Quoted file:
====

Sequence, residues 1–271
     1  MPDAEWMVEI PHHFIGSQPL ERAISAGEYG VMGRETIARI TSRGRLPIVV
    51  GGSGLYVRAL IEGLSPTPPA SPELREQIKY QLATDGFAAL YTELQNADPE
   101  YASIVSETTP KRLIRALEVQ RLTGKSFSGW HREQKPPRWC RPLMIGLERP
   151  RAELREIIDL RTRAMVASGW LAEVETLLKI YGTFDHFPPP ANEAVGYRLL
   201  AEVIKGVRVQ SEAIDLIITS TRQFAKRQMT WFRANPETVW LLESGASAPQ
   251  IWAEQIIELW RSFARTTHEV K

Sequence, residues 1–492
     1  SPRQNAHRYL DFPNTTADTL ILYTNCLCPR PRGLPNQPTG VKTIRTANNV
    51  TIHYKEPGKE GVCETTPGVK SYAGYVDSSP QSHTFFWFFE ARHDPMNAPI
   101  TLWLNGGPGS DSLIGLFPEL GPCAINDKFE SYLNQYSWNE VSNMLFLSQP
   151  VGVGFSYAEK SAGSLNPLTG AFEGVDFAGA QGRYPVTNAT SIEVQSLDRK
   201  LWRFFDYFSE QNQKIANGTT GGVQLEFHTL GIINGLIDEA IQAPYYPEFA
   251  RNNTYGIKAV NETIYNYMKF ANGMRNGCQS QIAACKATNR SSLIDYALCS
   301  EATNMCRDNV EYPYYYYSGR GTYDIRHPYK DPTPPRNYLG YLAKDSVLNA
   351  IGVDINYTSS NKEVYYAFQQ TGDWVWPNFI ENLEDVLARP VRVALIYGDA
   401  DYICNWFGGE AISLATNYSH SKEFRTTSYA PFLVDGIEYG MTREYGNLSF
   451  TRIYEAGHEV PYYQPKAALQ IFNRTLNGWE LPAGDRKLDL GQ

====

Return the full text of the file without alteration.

Sequence, residues 1–271
     1  MPDAEWMVEI PHHFIGSQPL ERAISAGEYG VMGRETIARI TSRGRLPIVV
    51  GGSGLYVRAL IEGLSPTPPA SPELREQIKY QLATDGFAAL YTELQNADPE
   101  YASIVSETTP KRLIRALEVQ RLTGKSFSGW HREQKPPRWC RPLMIGLERP
   151  RAELREIIDL RTRAMVASGW LAEVETLLKI YGTFDHFPPP ANEAVGYRLL
   201  AEVIKGVRVQ SEAIDLIITS TRQFAKRQMT WFRANPETVW LLESGASAPQ
   251  IWAEQIIELW RSFARTTHEV K

Sequence, residues 1–492
     1  SPRQNAHRYL DFPNTTADTL ILYTNCLCPR PRGLPNQPTG VKTIRTANNV
    51  TIHYKEPGKE GVCETTPGVK SYAGYVDSSP QSHTFFWFFE ARHDPMNAPI
   101  TLWLNGGPGS DSLIGLFPEL GPCAINDKFE SYLNQYSWNE VSNMLFLSQP
   151  VGVGFSYAEK SAGSLNPLTG AFEGVDFAGA QGRYPVTNAT SIEVQSLDRK
   201  LWRFFDYFSE QNQKIANGTT GGVQLEFHTL GIINGLIDEA IQAPYYPEFA
   251  RNNTYGIKAV NETIYNYMKF ANGMRNGCQS QIAACKATNR SSLIDYALCS
   301  EATNMCRDNV EYPYYYYSGR GTYDIRHPYK DPTPPRNYLG YLAKDSVLNA
   351  IGVDINYTSS NKEVYYAFQQ TGDWVWPNFI ENLEDVLARP VRVALIYGDA
   401  DYICNWFGGE AISLATNYSH SKEFRTTSYA PFLVDGIEYG MTREYGNLSF
   451  TRIYEAGHEV PYYQPKAALQ IFNRTLNGWE LPAGDRKLDL GQ